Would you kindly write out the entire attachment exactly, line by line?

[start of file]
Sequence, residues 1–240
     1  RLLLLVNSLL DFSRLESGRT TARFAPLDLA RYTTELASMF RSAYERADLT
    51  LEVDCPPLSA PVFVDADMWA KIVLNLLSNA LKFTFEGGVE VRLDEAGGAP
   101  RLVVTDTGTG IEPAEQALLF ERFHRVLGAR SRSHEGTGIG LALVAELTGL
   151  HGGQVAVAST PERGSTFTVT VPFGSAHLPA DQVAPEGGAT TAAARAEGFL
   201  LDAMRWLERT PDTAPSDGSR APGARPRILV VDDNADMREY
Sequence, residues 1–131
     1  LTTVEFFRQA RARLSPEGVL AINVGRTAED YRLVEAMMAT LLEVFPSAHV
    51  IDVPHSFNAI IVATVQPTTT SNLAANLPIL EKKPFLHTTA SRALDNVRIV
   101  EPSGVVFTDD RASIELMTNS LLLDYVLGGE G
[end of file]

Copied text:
Sequence, residues 1–240
     1  RLLLLVNSLL DFSRLESGRT TARFAPLDLA RYTTELASMF RSAYERADLT
    51  LEVDCPPLSA PVFVDADMWA KIVLNLLSNA LKFTFEGGVE VRLDEAGGAP
   101  RLVVTDTGTG IEPAEQALLF ERFHRVLGAR SRSHEGTGIG LALVAELTGL
   151  HGGQVAVAST PERGSTFTVT VPFGSAHLPA DQVAPEGGAT TAAARAEGFL
   201  LDAMRWLERT PDTAPSDGSR APGARPRILV VDDNADMREY
Sequence, residues 1–131
     1  LTTVEFFRQA RARLSPEGVL AINVGRTAED YRLVEAMMAT LLEVFPSAHV
    51  IDVPHSFNAI IVATVQPTTT SNLAANLPIL EKKPFLHTTA SRALDNVRIV
   101  EPSGVVFTDD RASIELMTNS LLLDYVLGGE G